About the address allocation convention between ISPs

Hello everyone,

I have a question about the convention of address allocation between ISPs.
If a smaller ISP tries to establish connection with its provider, does
this small ISP configure one of the interface on its boarder router using
an IP address obtained from the provider, or it is the other way around,
that is, the provider uses one of the IP address belongs to the customer
to configure the provider's boarder router?

I have this question because I am trying to identify the link between two
organizations from traceroute measurements. How the addresses are
allocated will affect the identification of the inter-domain link by
exactly one hop.

I am not sure if there is such a convention at all, or the address
assignment is randomly decided according to the agreement between the
customer and the provider?

Since I know there are many seasoned network professionals on this mailing
list, I think it might be a proper question to ask here. Would anyone
kindly be willing to share your experience? Thank you very much!



Many larger networks (with multiple interconnections
will split the chore, where the numbering reflects
exactly who is responsible for the physical circuit.

So alas, there is no one "right" answer to your
question, unless you're going to try to put together a
table based on the naming conventions...

for instance, probably hop "6" is the actual interface
between 7018 and 209 in NY according to this view.

  5 gar4-p300.n54ny.ip.att.net ( [AS 7018]
4 msec 4 msec 4 msec
  6 att-gw.ny.qwest.net ( [AS 7018] 4
msec 4 msec 4 msec
  7 jfk-core-03.inet.qwest.net ( [AS
209] 4 msec 4 msec 4 msec

-David Barak

Dear Mr. Barak,

Right, in your example, AS7018 and AS209 are both backbone ISPs and I
guess they are peering at NY. So if the addresses at both ends of
the "real" inter-domain link were assigned with qwest's address, hop 6
would be the inter-domain link. But if the addresses were assigned with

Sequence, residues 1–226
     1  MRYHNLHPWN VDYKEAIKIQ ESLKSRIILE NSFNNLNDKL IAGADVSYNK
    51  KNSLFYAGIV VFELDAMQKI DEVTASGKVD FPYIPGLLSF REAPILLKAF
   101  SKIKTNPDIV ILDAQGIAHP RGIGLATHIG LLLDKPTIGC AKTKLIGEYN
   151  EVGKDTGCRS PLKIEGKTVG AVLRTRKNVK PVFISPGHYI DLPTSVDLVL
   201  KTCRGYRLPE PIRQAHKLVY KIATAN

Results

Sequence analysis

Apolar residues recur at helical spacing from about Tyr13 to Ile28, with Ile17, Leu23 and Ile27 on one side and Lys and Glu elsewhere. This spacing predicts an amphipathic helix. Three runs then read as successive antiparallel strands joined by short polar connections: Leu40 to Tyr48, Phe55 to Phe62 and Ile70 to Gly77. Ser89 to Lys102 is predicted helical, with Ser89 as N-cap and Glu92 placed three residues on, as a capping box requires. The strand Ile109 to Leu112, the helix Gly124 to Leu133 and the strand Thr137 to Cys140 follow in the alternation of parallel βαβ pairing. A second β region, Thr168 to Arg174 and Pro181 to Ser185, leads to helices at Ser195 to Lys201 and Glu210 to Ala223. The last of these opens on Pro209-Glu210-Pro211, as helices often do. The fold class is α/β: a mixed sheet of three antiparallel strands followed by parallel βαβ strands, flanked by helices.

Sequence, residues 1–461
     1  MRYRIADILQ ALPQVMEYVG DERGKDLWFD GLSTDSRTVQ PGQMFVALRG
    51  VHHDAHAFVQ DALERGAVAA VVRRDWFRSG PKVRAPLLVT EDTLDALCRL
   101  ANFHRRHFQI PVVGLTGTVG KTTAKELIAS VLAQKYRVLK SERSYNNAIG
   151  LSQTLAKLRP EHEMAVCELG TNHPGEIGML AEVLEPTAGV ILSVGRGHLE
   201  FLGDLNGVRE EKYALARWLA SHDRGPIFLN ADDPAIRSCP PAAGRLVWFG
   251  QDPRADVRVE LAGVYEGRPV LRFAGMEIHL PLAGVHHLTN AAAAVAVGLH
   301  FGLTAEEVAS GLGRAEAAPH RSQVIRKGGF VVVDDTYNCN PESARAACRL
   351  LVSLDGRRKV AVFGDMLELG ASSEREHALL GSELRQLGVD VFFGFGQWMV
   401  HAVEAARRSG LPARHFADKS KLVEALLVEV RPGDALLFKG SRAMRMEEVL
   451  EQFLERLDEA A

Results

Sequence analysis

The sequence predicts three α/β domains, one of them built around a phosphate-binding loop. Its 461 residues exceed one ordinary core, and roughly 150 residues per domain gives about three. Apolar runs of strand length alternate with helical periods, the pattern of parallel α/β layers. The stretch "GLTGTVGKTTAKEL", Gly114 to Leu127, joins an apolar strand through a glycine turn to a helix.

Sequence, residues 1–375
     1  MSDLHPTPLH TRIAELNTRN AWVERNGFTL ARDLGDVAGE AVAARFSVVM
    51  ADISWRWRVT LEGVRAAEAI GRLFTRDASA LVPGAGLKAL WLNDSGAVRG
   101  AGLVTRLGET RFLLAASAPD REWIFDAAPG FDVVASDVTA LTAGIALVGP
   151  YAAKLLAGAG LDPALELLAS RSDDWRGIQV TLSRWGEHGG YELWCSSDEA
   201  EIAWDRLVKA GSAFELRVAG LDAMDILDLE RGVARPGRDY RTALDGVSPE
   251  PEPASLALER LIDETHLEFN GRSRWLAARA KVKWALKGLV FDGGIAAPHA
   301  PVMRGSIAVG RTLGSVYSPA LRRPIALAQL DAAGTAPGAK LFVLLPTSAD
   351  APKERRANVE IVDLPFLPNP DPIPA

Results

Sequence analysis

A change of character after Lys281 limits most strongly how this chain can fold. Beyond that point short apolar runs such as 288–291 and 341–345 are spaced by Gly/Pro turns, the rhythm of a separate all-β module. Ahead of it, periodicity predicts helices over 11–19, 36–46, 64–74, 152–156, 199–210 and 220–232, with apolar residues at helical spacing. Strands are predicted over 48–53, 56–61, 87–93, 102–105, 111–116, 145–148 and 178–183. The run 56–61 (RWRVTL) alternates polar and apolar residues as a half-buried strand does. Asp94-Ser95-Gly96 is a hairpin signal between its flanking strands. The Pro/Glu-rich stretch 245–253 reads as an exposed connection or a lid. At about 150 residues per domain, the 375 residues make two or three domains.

AT&T's address, hop 5 would be the inter-domain link. DNS name
seems would not help in this case.

And here is another question that confuses me. Using your example. If
the link was as follows,

--+ +-----------+
  >IP1(domainnameA) <------> IP2(domainnameB)| border rt |IP3(domainnameC)
--+ +-----------+

If the router on the left(only half was drawn) physically belongs to att,
and the router on the right physically belongs to qwest. the Link between
IP1 and IP2 is the inter-domain link. IP1 and IP2 should be a pair of /30
addresses. My question is how are the domain names of IP1 and IP2
assigned? If say IP1 and IP2 are both addresses from AT&T's address
block, the for IP2, is it usually foo.att.com or foo.qwest.com?

Thank you very much!




You can also use whois to determin who owns the /30 between the hop in
question. If ISPx comes up as the holder of the netblock in the
registration then that traceroute result is comming from ISPx. Hopefully
this helps!

- Robert

Dear Mr. Fei,

I surmise that hop 6 is the actual interface by seeing
gw-att.qwest.net <-- the fact that both qwest and att
appear in the same DNS lookup to me implies that qwest
intends that link to be the border. hop 5 is the
ingress link to ATT's border router, and hop 7 is the
next qwest router upstream.

Generally the ISP who numbers the block provides the
DNS. This breaks down, however, because there is no
single naming structure, and many providers don't do
reverse DNS for their infrastructure.